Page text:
Sick and dying, the pagan African king knew that he could save himself only by the sacrifice of another human being. Following the king’s orders, servants kidnapped a young Christian boy, Deola, with a view to killing him. Eventually, though, the faithful Deola was able to show the king that his health problems all stemmed from a pagan curse. Even better, Deola was revealed to be the king’s long-lost grandson, and the whole family was reconciled and brought to Christ.
That particular story, Apótí Erí (“Ark of the Covenant”), was written not in the seventh century but within the past decade, and it survives not in an ancient manuscript but in a straight-to-video production. It is a splendid example of one of the largest and most influential forms of Christian media in the emerging churches, namely the evangelical or charismatic video production that stands at the forefront of evangelism in Africa.
Insofar as they know such films at all, Americans will be familiar with the legendary Jesus video of the late 1970s. In the past 15 years Nigeria has produced thousands of such films—part of the astonishing cinema boom that has become known as Nollywood, the world’s third-largest film industry, after Hollywood and the Indian Bollywood.
Some 300 Nigerian producers churn out around 2,000 each year, serving a market of almost 150 million people. The films go straight to DVD or VCD and sell cheaply. The megahits can easily sell hundreds of thousands of copies in Nigeria alone, not to mention their circulation among the Nigerian disapora in North America and Western Europe. Because videos are freely passed on from hand to hand, the actual viewership is impossible to determine.
What we can say is that explicitly Christian videos make up a large part of the output, which is not surprising when we realize that perhaps 45 percent of Nigerians follow this faith. Made largely in a mixture of Yoruba and English, Nigerian Christian videos enjoy a continentwide distribution through satellite networks and cable channels. These films have also helped spawn imitators in other countries, such as Ghana and Kenya, and many have been subtitled for use in French-speaking Africa. So influential have they been that Nigerian Muslims are now producing their own versions in a desperate attempt to play catch-up.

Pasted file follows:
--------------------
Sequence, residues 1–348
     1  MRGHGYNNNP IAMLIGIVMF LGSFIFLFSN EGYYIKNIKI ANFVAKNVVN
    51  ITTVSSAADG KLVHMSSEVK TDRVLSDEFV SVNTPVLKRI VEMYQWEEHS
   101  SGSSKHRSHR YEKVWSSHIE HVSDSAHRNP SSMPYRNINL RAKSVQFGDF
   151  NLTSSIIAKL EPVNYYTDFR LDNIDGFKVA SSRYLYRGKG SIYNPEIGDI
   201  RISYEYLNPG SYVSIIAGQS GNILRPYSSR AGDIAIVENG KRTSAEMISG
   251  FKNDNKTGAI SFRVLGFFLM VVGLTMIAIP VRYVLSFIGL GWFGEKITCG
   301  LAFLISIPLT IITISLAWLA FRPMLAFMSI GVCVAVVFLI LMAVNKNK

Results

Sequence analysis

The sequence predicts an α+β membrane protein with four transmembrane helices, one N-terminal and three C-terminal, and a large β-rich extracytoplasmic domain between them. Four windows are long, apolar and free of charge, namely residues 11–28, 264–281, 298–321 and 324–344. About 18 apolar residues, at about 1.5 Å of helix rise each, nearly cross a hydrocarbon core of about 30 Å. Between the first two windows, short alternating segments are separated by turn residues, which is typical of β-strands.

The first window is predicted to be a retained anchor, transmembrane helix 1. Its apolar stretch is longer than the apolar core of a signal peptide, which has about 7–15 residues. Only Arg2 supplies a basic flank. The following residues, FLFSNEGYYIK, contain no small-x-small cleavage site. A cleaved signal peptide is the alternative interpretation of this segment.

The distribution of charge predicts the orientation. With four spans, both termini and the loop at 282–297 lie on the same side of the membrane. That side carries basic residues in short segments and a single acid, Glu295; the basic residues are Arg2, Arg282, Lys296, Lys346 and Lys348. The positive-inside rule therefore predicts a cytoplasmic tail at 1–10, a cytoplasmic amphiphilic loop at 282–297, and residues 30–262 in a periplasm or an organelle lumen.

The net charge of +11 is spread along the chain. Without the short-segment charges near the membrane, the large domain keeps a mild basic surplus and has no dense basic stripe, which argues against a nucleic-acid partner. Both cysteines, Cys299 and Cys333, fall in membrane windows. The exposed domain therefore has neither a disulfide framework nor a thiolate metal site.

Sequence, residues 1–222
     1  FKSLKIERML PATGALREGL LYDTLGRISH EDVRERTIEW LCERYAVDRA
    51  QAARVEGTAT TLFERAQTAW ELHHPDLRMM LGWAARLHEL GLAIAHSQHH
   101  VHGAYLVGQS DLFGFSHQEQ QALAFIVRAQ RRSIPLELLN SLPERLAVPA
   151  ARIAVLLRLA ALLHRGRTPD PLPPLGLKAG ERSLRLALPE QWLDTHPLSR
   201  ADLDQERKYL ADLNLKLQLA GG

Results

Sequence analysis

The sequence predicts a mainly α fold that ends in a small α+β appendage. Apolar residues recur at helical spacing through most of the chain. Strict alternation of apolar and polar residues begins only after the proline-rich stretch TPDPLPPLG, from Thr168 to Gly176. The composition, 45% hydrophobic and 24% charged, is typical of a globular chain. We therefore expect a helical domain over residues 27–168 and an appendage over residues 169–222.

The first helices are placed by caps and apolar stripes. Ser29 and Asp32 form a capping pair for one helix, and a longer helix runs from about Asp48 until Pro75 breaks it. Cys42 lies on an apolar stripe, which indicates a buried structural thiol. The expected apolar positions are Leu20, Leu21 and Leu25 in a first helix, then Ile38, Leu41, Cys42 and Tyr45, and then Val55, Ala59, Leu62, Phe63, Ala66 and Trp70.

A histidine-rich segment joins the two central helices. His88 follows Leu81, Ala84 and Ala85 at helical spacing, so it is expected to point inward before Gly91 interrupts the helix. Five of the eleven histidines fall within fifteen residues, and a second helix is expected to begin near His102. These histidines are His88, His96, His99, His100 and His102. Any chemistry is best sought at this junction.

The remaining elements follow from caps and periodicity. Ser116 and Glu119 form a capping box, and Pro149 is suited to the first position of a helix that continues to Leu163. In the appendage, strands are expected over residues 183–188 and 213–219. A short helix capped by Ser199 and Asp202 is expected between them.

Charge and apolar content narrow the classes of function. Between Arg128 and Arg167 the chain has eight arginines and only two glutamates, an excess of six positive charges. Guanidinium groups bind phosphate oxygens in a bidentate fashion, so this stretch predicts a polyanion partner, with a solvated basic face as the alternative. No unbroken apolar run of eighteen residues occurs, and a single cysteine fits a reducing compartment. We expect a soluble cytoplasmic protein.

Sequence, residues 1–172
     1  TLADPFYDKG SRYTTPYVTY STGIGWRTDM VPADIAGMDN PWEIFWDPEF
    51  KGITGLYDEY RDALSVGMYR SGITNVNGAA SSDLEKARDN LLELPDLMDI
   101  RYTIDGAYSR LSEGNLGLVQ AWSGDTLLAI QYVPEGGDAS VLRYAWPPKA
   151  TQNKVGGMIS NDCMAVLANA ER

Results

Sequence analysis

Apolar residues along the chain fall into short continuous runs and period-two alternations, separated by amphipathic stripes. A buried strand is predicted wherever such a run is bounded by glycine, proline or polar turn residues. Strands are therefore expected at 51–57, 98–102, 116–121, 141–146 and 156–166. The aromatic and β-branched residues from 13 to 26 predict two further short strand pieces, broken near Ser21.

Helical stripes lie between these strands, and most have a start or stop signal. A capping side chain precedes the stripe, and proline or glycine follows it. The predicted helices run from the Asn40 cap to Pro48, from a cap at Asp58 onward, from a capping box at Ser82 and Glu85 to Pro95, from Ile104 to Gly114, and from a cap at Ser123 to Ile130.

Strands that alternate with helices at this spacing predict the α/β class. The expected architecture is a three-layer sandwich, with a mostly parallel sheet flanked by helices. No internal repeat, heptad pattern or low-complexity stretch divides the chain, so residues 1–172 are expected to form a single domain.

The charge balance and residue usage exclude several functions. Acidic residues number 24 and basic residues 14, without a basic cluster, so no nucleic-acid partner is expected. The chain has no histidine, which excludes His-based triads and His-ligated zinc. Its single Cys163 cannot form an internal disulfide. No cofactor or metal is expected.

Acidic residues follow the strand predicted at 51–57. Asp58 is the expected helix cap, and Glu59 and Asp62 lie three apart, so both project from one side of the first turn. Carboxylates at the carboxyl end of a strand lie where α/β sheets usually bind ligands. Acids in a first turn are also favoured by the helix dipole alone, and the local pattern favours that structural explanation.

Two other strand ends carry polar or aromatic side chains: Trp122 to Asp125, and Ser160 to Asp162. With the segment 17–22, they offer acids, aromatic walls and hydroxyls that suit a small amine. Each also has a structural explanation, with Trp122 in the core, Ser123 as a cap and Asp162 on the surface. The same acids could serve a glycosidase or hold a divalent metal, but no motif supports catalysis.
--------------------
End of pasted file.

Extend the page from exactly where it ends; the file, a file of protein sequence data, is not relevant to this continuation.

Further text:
For many Americans, the Nigerian videos create a sense of paradox, in that modern technology is used to present ideas that appear to be stubbornly premodern. One of the best-known studios is Mount Zion Faith Ministries, founded by evangelist Mike Bamiloye. It is the firm that produced Apótí Erí and several dozen more popular films. Central to Mount Zion productions is Christian spiritual warfare against the forces of evil. West Africa, in this studio’s view, is uniquely subject to the assaults of evil because of the recent history of pagan and animist faiths in the region, the very bloody history of sacrificial worship, and the widespread survival of those practices; in consequence, demonic influences permeate the land and people. Typical Mount Zion titles include Ide Esu (The Devil’s Bondage), The Haunting Shadows and Blood on the Altar.
If these films warn of dangers, they also offer solutions, and they have been amazingly effective in popularizing biblical and charismatic messages. For the vision of serving God by purifying the land, believers find extensive justifications in the texts of the Old Testament: the high places must be removed. The curses on the land can be combated and removed only by charismatic Christian prayer, worship and exorcism, usually led by a faithful pastor. The films teach doctrines of deliverance and sanctification while constantly reminding believers of the dangers of the occult.
As artistic productions, these films vary enormously, and they rarely offer real surprises. Some are simple morality tales; the viewer knows that the minister will triumph – possibly at the cost of his life; that the curse will be lifted; and that the survivors will give their hearts to Christ. Production values are not high, and special effects are crude. Sometimes, though, the films do achieve a real historical vision, which is perhaps seen at its best in Mount Zion’s Esin Ajoji (Strange Religion), a stark portrait of the generational clash between old and new religious values in Yoruba society.
For Northern world observers, these films make their greatest contribution in opening a door to understanding the beliefs and grassroots concerns of the growing churches of West Africa. Films like Esin Ajoji and Apótí Erí offer a much fuller picture than any number of academic studies or perhaps any written texts could. Put another way, trying to understand the thought worlds of African Christians without taking account of such films is like trying to grasp the character of American Protestantism while ignoring its hymns.